Fung Fellowship 2020–21 Cohort Profile

The Fung Fellowship celebrates its fourth and largest cohort

In August 2020, a new cohort of 116 undergraduates from across Berkeley’s campus began their journey as Fung Fellows. Handpicked from the largest applicant pool yet, these students were chosen for their passion for health and conservation, unique creativity, ability to think outside the box, expertise in their field, and drive to make a difference.

With the launch of the new Conservation + Tech track, this year’s cohort welcomes twice as many first-year fellows as last year. Across tracks, these fellows joined the program with a natural curiosity and propensity for innovation. While these attributes unite the 2020–21 cohort, their collective strength and capacity for impact are founded in their diversity of perspectives, areas of study, and life experiences.

Profile of the 2020–2021 Cohort.

Fung Fellowship 2020-21 Cohort Profile

Class Size: 116 (59 Conservation/57 Health)
Women: 57%
First Generation Students: 25%
Junior Transfers: 29%
# of Unique Languages Spoken: 32
# of Unique Majors: 42
# of Double Majors: 33

There are 42 unique majors represented in this year’s Fung Fellowship cohort. Here’s a sample of the most represented majors across the fellowship.

Our new fellows aren’t afraid of meeting obstacles head on.

Ziyuan Lee (Health + Tech): “I find myself appreciating obstacles more in hindsight because they have taught me to work harder for my goals. In the moment it might seem rough, but you emerge more informed and resilient from the experience.”

Joelene Latief (Health + Tech), right, worked with Ziyuan, left, to make a journey map of her experiences for one of the Health track’s recent assignments.
The journey map Joelene made for Ziyuan.

Fellows have a wide range of passions, interests, and majors, and enjoy the intersections between different topics.

Photos of Spencer, Dao, and Ellen (from left to right)

Spencer Staggers-Elmore (Health + Tech) on Anthropology: “Anthropology allows me to look at the world through a holistic lens. There are so many interesting phenomena all around us, and for me, my major allows me to be as curious and draw upon what is around me to study it.”

Dao Xayalath (Conservation + Tech) on Philosophy: “Philosophy gave me a new set of lenses to view the world through. It broadens my understanding of people and various cultures.”

Ellen Kwok (Conservation + Tech) on Cognitive Science and Data Science: “As someone who has diverse interests but struggles to pinpoint a field to dive deep into, the interdisciplinary nature of cognitive science and data science appealed to me. I got to learn practical coding and research skills while enjoying simulating lectures on Linguistics and Philosophy at the same time. It is exciting to see how each field ultimately intercept and grow together.”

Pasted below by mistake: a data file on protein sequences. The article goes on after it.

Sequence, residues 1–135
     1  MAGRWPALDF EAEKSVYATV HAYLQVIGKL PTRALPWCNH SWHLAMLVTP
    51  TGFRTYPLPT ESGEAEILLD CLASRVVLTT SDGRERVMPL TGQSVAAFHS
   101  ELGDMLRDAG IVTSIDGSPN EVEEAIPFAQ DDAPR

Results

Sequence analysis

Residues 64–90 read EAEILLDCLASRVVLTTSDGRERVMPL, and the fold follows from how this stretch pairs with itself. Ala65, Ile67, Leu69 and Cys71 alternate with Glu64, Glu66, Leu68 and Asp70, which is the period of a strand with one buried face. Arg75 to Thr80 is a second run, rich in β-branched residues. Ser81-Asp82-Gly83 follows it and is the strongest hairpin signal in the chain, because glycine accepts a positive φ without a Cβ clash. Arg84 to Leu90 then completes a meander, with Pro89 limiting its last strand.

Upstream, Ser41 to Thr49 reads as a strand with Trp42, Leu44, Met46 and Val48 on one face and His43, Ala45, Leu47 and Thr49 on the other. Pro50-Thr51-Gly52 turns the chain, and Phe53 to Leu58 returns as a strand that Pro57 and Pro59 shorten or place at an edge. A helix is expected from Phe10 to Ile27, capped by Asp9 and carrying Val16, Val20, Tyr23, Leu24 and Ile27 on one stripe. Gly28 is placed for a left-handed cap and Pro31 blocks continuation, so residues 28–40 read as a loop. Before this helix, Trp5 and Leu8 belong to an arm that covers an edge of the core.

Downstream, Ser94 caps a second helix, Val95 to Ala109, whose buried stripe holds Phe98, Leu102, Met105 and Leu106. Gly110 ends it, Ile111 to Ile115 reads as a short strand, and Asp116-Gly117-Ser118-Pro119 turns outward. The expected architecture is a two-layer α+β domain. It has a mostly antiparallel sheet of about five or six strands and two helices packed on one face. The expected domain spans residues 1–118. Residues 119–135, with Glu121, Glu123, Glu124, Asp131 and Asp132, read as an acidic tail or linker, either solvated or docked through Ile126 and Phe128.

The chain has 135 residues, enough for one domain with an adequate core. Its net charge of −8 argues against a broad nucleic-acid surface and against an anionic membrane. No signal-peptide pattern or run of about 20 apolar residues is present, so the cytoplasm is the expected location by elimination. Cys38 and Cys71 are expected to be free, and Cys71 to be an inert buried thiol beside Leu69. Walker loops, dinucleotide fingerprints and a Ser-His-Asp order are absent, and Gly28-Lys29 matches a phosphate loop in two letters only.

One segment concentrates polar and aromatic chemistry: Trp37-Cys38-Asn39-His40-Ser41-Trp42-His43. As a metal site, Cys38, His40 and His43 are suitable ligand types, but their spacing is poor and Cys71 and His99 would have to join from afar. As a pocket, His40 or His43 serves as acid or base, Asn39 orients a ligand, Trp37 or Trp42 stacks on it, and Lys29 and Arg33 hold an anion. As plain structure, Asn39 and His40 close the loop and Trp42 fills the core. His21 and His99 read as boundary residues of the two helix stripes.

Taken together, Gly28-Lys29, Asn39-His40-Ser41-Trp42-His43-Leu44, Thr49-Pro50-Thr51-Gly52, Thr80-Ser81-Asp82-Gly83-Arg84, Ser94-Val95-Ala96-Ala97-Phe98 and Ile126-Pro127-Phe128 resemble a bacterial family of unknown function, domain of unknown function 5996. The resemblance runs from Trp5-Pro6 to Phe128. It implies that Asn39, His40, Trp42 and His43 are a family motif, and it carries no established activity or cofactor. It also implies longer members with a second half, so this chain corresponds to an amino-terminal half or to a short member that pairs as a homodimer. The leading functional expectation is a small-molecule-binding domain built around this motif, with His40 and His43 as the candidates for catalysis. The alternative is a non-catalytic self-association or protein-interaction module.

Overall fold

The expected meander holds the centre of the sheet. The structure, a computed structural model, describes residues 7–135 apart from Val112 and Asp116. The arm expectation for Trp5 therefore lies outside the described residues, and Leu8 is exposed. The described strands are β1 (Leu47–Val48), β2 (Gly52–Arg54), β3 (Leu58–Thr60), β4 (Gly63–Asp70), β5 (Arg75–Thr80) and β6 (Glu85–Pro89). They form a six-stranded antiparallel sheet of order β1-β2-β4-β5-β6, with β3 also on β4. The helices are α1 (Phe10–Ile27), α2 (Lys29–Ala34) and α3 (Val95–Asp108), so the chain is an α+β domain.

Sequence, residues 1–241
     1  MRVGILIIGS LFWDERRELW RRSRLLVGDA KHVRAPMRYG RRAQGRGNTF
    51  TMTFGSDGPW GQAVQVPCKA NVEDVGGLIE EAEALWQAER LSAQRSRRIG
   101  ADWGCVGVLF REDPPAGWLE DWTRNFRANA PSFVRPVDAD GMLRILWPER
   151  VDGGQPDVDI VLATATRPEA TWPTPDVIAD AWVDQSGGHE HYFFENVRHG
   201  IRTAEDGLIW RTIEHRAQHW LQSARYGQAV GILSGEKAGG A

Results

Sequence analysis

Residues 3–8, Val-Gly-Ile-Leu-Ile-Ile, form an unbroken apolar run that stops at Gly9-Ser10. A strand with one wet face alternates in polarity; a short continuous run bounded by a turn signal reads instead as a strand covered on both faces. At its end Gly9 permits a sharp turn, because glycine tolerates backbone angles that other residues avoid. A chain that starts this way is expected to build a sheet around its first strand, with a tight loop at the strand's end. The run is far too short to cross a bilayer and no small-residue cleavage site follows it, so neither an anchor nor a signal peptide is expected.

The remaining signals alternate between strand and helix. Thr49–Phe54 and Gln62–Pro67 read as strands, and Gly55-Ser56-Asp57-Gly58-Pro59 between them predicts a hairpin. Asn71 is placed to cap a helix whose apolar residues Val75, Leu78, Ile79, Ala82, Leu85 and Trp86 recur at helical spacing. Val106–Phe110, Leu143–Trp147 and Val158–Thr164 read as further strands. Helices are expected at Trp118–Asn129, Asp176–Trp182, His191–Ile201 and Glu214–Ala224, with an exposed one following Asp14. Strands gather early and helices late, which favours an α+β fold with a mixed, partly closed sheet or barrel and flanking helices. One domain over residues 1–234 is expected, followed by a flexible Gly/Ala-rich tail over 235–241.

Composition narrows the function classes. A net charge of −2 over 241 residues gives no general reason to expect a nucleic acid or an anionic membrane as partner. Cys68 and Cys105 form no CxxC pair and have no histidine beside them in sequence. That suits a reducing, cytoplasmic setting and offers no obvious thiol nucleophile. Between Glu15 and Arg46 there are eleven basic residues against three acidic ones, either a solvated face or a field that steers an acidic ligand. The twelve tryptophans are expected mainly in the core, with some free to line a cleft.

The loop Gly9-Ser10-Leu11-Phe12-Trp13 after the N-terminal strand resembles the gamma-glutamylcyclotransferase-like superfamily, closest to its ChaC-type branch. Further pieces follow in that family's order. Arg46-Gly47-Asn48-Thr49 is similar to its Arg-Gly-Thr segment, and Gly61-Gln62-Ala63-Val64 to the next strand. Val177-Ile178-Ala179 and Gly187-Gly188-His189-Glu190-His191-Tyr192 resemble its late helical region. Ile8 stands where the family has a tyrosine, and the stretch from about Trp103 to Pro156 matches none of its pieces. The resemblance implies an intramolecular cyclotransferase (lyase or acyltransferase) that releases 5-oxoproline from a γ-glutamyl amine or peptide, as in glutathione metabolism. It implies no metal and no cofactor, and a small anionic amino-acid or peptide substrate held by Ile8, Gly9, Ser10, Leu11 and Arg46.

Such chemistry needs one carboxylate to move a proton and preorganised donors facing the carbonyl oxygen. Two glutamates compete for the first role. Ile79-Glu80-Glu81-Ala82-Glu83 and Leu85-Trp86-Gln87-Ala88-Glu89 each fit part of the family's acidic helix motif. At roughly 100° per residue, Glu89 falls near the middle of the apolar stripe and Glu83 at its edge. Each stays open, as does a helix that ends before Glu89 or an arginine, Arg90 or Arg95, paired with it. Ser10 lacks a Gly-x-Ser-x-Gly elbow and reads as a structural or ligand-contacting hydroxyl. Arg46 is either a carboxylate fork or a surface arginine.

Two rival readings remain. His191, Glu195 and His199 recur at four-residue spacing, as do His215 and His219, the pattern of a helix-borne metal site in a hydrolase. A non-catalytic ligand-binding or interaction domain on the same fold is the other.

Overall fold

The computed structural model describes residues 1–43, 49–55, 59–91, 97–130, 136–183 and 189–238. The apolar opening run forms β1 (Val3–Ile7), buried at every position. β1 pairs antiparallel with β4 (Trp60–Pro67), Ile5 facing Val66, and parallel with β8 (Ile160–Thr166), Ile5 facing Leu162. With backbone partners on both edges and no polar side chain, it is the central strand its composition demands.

Fellows come from different parts of the world and bring their varied experiences and goals to the program.

Photos of Anara and Ojasvi from left to right.

Anara Myrzabekova (Health + Tech): “As a new transfer student and a mother of a toddler, my challenges include managing my family responsibilities on top of succeeding in my classes. Moreover, I am sensitive to prejudice toward student mothers; therefore, I do not feel comfortable talking about my challenges sometimes. But, as a woman in STEM, I am currently advocating for student parent’s needs at Berkeley, and I truly believe that education is a source of empowerment and development.”

Ojasvi Khanna (Conservation + Tech): “I grew up at the banks of a polluted water stream in a rural North Indian town. The water of that stream runs black and no wildlife lives near, or inside of it. Ever since I can remember, I wanted to do something in the field of sustainability and knew that technology was the way out. My experience at UC Berkeley is shaped by my upbringing in India and has allowed me to bring a personal, and new perspective to the table. I have been able to model a really interesting educational journey consisting of research projects, Cal’s competitive Environmental Engineering team, hackathons, clubs, and of recently, the Fung Fellowship — all of which intertwine technology and sustainability in unique ways.”

Fellows take their experiences from the past and use them as lessons for the future.

Jazalyn “Jazzy” Cruz (Health + Tech): “When I went to community college, it was blurry to see where my next steps might have been taking me; being in a low-standard environment. Looking back, I feel that experience was necessary for me to grow and learn about myself as a student and take on my future. It might sound cheesy, but I really learned that every setback is truly a setup for a comeback, which will always stick with me as I move forward as both a student and adult!”

Martin Kim (Health + Tech), right, worked with Jazzy, left, to make a journey map of her experiences for one of the Health track’s recent assignments.
The journey map Martin made for Jazzy.

Together, fellows work together to approach problems with empathy and design innovative human-centered solutions

Fung Fellows are bound by their diversity and passion to make an impact beyond the university. Throughout the fellowship, fellows are well poised to develop as leaders and innovators as they design breakthrough technology solutions to society’s most pressing health and conservation challenges.

A screenshot from the Fung Fellowship boot camp earlier this year.

Learn more about the Fung Fellowship at fungfellows.berkeley.edu.

The Fung Fellowship at UC Berkeley is shaping the next generation of health, conservation, and technology leaders for a better world. 🌱

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